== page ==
Creating vaccines to protect people against viral diseases like AIDS, cervical cancer and infectious hepatitis is a delicate balancing act: If the immune system's response to the vaccine is too strong, toxic side effects can kill the patient. If it's not strong enough, the virus will spread faster than the immune system can kill it.
A new vaccine design strategy developed by scientists at The Wistar Institute Vaccine Center could be the answer. The secret is using a herpes simplex protein called glycoprotein D to block a specific receptor molecule on antigen-presenting cells, or APCs. These sentinel cells monitor the body for foreign antigens -- molecules that can stimulate an immune response -- from invading viruses.
When they detect viral antigens, APCs signal the body's immune system to activate T cells to attack and destroy cells infected with the virus. At the same time, they also send inhibitory signals to prevent overreaction by the immune system. One of thee inhibitory signals is blocked by glycoprotein D from herpes virus.
In a study that will be published February 6 in Nature Medicine and is available online, Wistar scientists showed that vectors, which are vaccine delivery systems, made by fusing the glycoprotein D with genes from target antigens increase the immune system's response to those antigens in cell cultures and laboratory mice. The researchers used antigens from HIV, the virus that causes AIDS, and from HPV-16, a human papilloma virus that causes cervical cancer.
Hildegund C.J. Ertl, M.D., director of The Wistar Institute Vaccine Center and senior author of the study, says using glycoprotein D to deliver antigens has a major advantage over other vaccine approaches. "It allows us to lower the dose but still get a stronger immune response," she says.
Glycoprotein D is part of the herpes viral envelope and is expressed on the surface of cells infected with the herpes simplex virus. Glycoprotein D binds to a receptor molecule called HVEM (herpes virus entry mediator) on antigen-presenting cells. By locking onto the HVEM receptor, glycoprotein D prevents HVEM from binding to another molecule called BTLA on T and B lymphocytes -- white blood cells that attack disease-causing pathogens.
Binding between HVEM and BTLA is the first step in an inhibitory signaling pathway that reduces the immune system's response to the presence of a virus. Blocking this inhibitory pathway allows the body to mount a stronger immune response by generating more antigen-specific CD8+ T cells to attack cells infected with the virus.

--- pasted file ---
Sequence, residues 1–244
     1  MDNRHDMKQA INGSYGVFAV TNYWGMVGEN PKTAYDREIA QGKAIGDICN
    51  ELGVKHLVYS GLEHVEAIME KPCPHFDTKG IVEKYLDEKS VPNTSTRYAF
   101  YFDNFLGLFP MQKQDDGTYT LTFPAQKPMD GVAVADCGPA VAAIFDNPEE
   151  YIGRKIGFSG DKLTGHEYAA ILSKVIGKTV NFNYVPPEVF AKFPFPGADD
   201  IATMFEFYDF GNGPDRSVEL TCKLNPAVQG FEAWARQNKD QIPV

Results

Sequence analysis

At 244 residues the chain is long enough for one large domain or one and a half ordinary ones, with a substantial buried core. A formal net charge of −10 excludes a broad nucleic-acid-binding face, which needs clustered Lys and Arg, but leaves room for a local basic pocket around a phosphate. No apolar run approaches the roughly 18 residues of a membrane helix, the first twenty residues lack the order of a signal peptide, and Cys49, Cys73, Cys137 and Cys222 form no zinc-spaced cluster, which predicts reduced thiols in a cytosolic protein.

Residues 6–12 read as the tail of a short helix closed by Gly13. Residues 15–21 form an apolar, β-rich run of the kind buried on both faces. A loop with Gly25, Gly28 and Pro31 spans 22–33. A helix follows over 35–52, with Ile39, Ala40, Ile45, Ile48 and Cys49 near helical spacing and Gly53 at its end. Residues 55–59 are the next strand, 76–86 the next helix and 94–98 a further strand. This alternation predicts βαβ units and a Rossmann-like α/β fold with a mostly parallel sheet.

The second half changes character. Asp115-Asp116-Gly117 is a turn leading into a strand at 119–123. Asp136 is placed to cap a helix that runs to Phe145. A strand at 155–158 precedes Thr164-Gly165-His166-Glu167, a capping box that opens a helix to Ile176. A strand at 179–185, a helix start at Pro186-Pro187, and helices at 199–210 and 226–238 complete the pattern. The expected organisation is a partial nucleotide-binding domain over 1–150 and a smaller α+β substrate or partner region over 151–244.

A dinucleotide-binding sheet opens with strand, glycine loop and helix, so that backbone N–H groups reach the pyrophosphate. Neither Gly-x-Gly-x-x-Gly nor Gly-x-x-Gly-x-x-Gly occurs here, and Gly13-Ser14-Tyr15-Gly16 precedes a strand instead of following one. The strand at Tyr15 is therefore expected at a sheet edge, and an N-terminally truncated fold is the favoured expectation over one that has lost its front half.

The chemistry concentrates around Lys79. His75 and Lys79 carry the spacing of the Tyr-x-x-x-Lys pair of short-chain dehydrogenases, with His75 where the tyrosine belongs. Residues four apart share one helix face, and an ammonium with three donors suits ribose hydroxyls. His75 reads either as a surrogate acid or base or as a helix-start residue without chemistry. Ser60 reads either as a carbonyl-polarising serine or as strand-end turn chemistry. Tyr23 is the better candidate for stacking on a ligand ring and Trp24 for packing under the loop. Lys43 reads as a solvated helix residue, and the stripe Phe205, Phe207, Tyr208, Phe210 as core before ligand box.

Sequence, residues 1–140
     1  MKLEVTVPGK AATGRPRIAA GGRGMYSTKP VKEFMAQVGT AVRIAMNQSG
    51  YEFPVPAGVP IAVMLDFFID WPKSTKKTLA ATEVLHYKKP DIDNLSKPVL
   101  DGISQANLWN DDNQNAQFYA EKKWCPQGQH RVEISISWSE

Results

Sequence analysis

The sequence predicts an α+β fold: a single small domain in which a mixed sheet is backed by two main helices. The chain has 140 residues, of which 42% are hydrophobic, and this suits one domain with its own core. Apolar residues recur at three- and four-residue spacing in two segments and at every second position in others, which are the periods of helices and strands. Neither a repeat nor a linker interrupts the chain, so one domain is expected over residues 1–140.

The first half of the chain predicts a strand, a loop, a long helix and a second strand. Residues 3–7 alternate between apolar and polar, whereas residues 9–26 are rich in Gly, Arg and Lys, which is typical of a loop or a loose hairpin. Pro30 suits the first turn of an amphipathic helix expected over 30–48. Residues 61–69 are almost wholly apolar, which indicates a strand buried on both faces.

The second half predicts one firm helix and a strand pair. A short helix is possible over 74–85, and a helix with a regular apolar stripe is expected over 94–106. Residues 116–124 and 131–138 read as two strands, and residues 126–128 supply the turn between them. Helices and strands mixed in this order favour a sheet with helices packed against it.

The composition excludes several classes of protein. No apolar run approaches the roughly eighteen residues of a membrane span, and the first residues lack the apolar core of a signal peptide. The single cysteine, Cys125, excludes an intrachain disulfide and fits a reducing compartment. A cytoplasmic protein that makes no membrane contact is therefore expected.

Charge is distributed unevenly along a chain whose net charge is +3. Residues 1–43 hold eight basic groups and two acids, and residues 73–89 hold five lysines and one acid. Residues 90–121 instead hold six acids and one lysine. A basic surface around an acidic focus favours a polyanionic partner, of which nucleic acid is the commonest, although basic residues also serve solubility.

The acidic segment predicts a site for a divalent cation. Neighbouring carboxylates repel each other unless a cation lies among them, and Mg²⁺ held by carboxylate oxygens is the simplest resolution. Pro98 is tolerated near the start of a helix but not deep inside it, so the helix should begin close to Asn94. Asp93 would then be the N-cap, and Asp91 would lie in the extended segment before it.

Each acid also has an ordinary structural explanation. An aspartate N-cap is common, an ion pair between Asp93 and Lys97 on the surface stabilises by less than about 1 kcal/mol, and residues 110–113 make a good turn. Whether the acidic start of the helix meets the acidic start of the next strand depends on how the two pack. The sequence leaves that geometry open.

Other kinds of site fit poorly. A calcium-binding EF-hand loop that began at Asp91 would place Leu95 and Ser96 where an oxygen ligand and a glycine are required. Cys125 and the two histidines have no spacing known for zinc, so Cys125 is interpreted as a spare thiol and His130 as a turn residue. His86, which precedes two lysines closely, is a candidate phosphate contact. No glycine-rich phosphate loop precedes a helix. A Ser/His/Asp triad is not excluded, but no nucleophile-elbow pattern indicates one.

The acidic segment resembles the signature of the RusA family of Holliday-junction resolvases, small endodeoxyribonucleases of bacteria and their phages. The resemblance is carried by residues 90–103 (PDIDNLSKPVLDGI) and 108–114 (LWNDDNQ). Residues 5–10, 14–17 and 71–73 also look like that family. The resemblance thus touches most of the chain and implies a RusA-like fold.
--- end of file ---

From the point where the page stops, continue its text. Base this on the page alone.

The researchers found that fusing HIV and HPV antigens to glycoprotein D enhances the immune response to those antigens. Mice injected with vaccines that included antigens fused to glycoprotein D generated more virus-killing CD8+ T cells than mice injected with the same vaccines and antigens, but without the glycoprotein D carrier protein.
Researchers also inoculated identical strains of laboratory mice with vaccines containing genes for the cancer-causing proteins E7, E6 and E5 from the HPV-16 virus. One group of animals received HPV-16 genes spliced into the genetic code for glycoprotein D; another group received the same antigens without glycoprotein D. Ten to 14 days later, both groups of animals were injected with a fast-growing tumor cell line that normally generates extensive tumors in mice within 14 days.
Mice that received vaccines with the glycoprotein D-antigen combination were fully protected against cancer, says Wistar's Marcio Lasaro, Ph.D., lead author of the study. However, mice inoculated with vaccines containing the same HPV-16 genes, but without glycoprotein D, developed tumors after being inoculated with the same tumor cell line.
"It's important to point out that the molecules we targeted in mice are similar to those in humans, and all the basic in-vitro studies in the paper were done with human molecules, making it likely that the method will also work in people," Lasaro says.
Ertl says the ability of the glycoprotein D carrier protein to enhance the immune response could be particularly important to the development of a long-sought vaccine for AIDS. "The problem with HIV vaccines is that they might look good in mice and primates, but comparable doses in humans are too toxic," she says. "If you lower the dose to avoid toxic side effects, you don't get the immune response you need." She believes that using glycoprotein D may solve that problem.
Ertl and her colleagues are planning future studies to further elucidate the mechanism behind the carrier protein's effectiveness. If studies in research animals continue to be positive, they hope to conduct human clinical studies with HIV and HPV vaccines currently under development at The Wistar Institute Vaccine Center.
The Wistar Institute has filed for patent protection on the glycoprotein D carrier protein technology.
Ertl is corresponding author of the study. Wistar co-authors are Nia Tatsis, Ph.D., Shih-Wen Lin, John J. Rux, Ph.D., E. John Wherry, Ph.D., and Scott E. Hensley (now at the National Institute of Allergy and Infectious Diseases). Lin is also affiliated with the University of Pennsylvania. J. Charles Whitbeck, Gary H. Cohen, and Roselyn J. Eisenberg are with the University of Pennsylvania.
The research was supported by the National Institute of Allergies and Infectious Diseases (NIAID) and the Commonwealth Universal Research Enhancement Program of the Pennsylvania Department of Health.
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